History is one of the most desired academic degrees amongst students when it comes to pursuing a Bachelor of Arts.
History degrees are designed to teach you to move beyond yourself and envision other worlds, to explore the interplay between material circumstances and human character. History combines the careful analysis of evidence with compelling storytelling. Moreover, History degrees aim to increase cultural sensitivity and literacy.
This degree is divided into various areas of expertise such as Classical History or Art History, which will help students gain relevant knowledge for themselves.
History is one of the most versatile undergraduate majors, due to the fact that it touches upon all forms of human endeavour from arts and languages to science and economics.
Candidates studying a History course will also be taught how to effectively collect, analyse, interpret, and arrange a wide variety of sources into persuasive arguments. Thus, having these skills will increase the chance of any graduate finding a job, no matter if it is in this field or not.
A report from Georgetown University’s Center on Education illustrates that graduates from History majors have the highest salary amongst graduates from all other humanities majors.
History courses are usually a three-year commitment and offer many academic programmes ranging from foundational courses to specialised ones. Some universities even have site excavations, through which students gain more practical knowledge.
Like most of the degrees, any History course concludes with a dissertation in any chosen area of interest.
Living up to its reputation of academic rigour, Oxford can be a challenging place to study at times, as much of the work is done independently. As a history student, I do not receive a lot of contact hours. I knew this would be the case before I attended, but it still took me a while to adjust to doing all my work myself and then attending weekly tutorials in order to discuss completed work.
Nevertheless, it goes without saying that having access to experts in your field makes studying here worth the money and the time, and the hard workload really helps you develop to the best of your potential. My experience with several tutors has almost always been positive, and they genuinely want to help you learn.
The beautiful libraries and other buildings also make the city a motivational and comfortable place to work. One of the most unique things about Oxford is its collegiate system, which means you live in smaller, tight-knit communities, but also have better access to academic and financial resources right where you live.
The most important thing to do when considering applying to Oxford is to research colleges, as your choice truly does shape your time there. Some colleges have poor kitchen facilities, which forces you to buy meals in the hall, which, despite being subsidised, can be expensive. Some colleges also have less accommodation, meaning that they may not be able to provide a room for you for the duration of your degree. This can be important since private housing in Oxford is sometimes expensive.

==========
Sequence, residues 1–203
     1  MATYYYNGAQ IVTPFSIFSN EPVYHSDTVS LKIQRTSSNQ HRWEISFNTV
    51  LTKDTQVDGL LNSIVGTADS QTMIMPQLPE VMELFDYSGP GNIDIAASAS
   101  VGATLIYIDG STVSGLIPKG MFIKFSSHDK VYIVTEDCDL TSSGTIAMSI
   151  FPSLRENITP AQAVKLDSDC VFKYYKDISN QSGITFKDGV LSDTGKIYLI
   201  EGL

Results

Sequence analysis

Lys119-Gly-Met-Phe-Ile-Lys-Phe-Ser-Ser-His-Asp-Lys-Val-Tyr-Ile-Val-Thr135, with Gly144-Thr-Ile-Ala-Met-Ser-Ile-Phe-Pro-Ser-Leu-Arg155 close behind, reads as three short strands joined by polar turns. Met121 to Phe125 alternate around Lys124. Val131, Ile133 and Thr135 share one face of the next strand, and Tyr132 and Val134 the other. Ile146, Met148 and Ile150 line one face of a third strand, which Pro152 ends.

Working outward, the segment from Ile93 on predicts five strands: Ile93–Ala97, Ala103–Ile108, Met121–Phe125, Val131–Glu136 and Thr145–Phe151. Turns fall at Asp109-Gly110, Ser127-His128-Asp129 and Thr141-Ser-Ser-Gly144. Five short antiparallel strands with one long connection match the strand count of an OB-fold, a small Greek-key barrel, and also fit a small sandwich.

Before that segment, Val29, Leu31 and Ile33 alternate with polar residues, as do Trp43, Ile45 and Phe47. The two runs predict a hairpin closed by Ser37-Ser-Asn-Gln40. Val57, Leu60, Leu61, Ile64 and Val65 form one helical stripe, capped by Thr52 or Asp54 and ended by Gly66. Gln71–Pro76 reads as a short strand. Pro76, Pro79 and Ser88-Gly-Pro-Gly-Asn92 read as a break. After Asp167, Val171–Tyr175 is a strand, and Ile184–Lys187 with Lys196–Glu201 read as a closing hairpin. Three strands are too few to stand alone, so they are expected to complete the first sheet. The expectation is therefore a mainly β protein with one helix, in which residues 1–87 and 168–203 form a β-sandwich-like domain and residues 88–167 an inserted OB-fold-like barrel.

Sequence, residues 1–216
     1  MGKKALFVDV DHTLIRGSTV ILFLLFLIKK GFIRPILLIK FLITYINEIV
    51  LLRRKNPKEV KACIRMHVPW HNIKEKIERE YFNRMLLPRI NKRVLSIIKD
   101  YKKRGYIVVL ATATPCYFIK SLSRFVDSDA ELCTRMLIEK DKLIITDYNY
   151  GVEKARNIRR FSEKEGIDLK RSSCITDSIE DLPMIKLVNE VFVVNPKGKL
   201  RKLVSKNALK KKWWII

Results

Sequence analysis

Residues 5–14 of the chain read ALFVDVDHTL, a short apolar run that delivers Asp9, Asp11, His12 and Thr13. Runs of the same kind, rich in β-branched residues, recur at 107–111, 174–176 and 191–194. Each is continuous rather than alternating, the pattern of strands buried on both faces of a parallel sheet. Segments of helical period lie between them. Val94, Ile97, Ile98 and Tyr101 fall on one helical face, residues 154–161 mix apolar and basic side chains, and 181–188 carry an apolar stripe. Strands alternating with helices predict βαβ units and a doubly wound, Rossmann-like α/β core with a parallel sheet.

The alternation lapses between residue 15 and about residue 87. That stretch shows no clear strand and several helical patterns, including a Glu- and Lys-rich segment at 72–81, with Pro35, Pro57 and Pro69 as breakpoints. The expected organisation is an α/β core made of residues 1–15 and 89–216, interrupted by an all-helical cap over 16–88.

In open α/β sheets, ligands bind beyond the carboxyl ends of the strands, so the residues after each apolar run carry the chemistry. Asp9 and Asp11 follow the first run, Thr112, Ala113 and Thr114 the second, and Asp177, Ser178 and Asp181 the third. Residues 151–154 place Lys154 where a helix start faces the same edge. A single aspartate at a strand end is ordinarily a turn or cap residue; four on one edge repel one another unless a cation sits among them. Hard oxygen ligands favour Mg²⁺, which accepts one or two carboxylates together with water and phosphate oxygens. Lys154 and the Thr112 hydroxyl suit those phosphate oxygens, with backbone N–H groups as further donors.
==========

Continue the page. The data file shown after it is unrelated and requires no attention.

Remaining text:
All in all, college life is exciting and much of the social activity revolves around these communities. The small size of these colleges means it is easy to get involved in all sorts of societies, as well as drive change within these institutions. Although attending a university with a reputation for being steeped in tradition and elitism can seem daunting, there genuinely is a welcoming atmosphere for everyone and an ability to make your college or university what you want to make it.View more
My Oxford education has enabled me to meet many challenges in my professional life, key among them the need to process information quickly and present convincing arguments in all situations. The personalized attention at the heart of the tutorial system really fostered a sense of personal responsibility for my education. I carry the best of what Oxford offered to this day.View more
Studying at the University of Oxford can be a very stimulating and eye-opening experience, with a supportive network of brilliant people that encourage innovation and exchanges. There is always a place to try out new things or learn about cutting edge research, and the international diversity of the student body at a graduate level provides a unique human experience – in addition to the opportunity of living in a small, gorgeous town with lots of surrounding green areas. On the other hand, the competitivity and the imposteur syndrome can be crushing, and it is important to indulge in self care and to take a step back from Oxford, since it has a very powerful ‘bubble’ effect. As anywhere, there is some good and some bad, but because of the intense rhythm of the Oxford life and academic calendar, these kind be felt more powerfully than in other places.
The University of Oxford helps you achieve high personal and academic standards, and benefits from centuries of scholarship, the proximity of London, and one of the best library network in the world – yet it is also a place that is demanding and in which the sense of realities can sometimes be a little be erased.